Social housing PV schemes given the cold shoulder by the coalition
Subsidy blow for social landlords’ PV plans
The government has ditched plans to allow social housing photovoltaic schemes to benefit from a special status as ‘community energy projects’.
The Department of Energy and Climate Change on Friday ruled that landlords’ PV projects would not count as community schemes.
This won’t affect the feed-in tariff rate received by landlords – a subsidy paid by the government to producers of renewable electricity. But it does mean they will not be able to benefit from longer FIT guarantees or relaxed energy efficiency criteria for properties.
Landlords had hoped they would be included under the community status – which, in turn, they had hoped would receive a higher FIT rate – in recognition of the social benefits of tackling fuel poverty.
Instead social housing PV projects will receive 90 per cent of the FIT as suggested in April.
Inside Housing’s Green Light campaign has been lobbying for landlords to be included as community projects on the grounds that social tenants, who are among the most fuel poor section of society and contribute to the subsidy through their energy bills, should be protected from cuts to the FIT.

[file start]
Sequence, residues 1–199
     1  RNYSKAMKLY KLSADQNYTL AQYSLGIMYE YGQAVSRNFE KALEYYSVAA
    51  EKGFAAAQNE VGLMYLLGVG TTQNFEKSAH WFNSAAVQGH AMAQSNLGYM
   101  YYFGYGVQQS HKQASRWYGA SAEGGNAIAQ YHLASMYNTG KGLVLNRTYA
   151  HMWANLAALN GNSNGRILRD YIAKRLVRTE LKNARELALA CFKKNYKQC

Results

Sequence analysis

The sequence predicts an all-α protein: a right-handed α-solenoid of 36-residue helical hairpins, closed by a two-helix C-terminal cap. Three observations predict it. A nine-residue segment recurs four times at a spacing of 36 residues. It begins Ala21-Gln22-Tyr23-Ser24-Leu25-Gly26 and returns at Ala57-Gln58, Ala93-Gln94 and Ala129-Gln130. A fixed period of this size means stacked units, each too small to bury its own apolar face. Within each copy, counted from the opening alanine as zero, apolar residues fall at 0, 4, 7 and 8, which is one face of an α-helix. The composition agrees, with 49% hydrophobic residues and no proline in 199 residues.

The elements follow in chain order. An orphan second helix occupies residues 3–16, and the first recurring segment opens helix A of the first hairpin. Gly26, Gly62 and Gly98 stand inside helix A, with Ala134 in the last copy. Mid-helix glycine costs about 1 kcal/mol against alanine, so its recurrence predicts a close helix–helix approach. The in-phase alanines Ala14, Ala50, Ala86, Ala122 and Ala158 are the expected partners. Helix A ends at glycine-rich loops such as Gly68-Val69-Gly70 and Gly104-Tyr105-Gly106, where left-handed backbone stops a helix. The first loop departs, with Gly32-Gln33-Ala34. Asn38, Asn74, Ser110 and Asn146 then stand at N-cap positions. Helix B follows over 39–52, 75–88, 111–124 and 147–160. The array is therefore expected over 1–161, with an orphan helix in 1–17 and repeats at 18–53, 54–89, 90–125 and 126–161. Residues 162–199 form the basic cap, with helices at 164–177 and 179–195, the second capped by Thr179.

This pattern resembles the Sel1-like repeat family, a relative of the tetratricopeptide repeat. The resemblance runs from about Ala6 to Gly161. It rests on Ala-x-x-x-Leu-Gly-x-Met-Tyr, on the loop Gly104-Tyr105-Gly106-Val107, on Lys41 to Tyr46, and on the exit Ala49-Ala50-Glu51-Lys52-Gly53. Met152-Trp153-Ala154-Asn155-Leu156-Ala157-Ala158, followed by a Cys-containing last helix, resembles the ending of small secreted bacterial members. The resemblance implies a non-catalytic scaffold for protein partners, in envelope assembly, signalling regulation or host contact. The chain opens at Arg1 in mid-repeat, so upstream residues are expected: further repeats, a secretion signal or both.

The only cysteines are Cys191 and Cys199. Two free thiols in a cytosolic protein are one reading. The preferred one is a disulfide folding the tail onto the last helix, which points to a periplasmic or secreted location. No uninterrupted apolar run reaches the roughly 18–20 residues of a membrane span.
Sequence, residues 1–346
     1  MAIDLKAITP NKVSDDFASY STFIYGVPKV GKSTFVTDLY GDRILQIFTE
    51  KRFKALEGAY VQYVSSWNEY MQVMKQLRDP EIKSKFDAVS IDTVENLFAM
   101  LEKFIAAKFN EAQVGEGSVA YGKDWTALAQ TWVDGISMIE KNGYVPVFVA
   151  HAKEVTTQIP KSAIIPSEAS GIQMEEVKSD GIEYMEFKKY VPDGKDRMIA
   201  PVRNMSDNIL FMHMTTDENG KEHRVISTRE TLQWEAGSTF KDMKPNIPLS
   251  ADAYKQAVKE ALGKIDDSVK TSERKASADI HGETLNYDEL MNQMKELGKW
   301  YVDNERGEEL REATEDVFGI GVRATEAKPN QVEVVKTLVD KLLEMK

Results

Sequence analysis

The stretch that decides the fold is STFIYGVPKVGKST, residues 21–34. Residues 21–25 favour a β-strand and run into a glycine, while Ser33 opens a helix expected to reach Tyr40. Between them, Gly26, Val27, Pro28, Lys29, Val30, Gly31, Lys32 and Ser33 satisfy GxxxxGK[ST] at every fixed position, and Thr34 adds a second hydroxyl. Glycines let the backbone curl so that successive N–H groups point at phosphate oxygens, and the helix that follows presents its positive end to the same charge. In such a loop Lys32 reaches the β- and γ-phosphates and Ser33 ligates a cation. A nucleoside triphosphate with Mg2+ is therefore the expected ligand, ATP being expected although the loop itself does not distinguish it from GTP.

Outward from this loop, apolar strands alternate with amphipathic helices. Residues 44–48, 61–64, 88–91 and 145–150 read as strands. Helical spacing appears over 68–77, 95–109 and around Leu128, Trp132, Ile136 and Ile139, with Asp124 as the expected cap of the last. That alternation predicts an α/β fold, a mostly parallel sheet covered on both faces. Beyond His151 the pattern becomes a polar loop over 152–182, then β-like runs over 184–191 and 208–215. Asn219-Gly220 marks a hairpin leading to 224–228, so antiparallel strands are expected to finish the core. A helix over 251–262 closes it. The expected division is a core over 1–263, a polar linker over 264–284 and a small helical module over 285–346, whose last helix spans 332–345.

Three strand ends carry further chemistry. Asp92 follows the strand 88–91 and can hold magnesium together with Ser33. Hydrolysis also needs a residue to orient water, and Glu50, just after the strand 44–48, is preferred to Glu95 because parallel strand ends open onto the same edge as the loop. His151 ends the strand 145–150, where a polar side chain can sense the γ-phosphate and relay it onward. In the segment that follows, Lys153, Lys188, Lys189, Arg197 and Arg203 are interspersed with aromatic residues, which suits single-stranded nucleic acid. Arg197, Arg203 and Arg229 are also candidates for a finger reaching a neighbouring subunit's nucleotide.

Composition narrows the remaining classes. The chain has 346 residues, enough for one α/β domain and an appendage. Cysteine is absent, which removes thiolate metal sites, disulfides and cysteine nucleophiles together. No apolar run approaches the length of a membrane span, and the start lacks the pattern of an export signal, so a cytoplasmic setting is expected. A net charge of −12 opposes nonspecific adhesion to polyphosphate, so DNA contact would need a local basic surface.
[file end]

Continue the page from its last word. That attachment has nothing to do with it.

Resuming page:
The National Housing Federation warned the move meant there would be few large-scale social housing PV schemes.
Pippa Read, policy leader at the NHF, said: ‘Under the new regime it will be difficult for social housing residents to benefit from a scheme they assist in paying for through their fuel bills. Based on current costs, it doesn’t provide the level of tariffs or certainty needed to get schemes delivered at scale to low-income communities.’
A DECC spokesperson said the decision to exclude social housing schemes from the planned community status – which will mainly benefit community interest societies and co-operatives – was made because it couldn’t see any evidence of a commercial difference between social housing PV schemes and rent-a-roof schemes.
She added that it was good news for landlords that the government had decided against putting aggregated PV schemes on a ‘standalone tariff’ which would have been much lower than the 21p/kilowatt hour available until Wednesday, when it drops to 16p/kWh.
Steve Drew, director of assets at Alliance Homes, said: ‘It is disappointing, but not a surprise. On the positive side, it feels like the market is maturing and landlords are realising that installing PV should not just be about taking commercial returns.’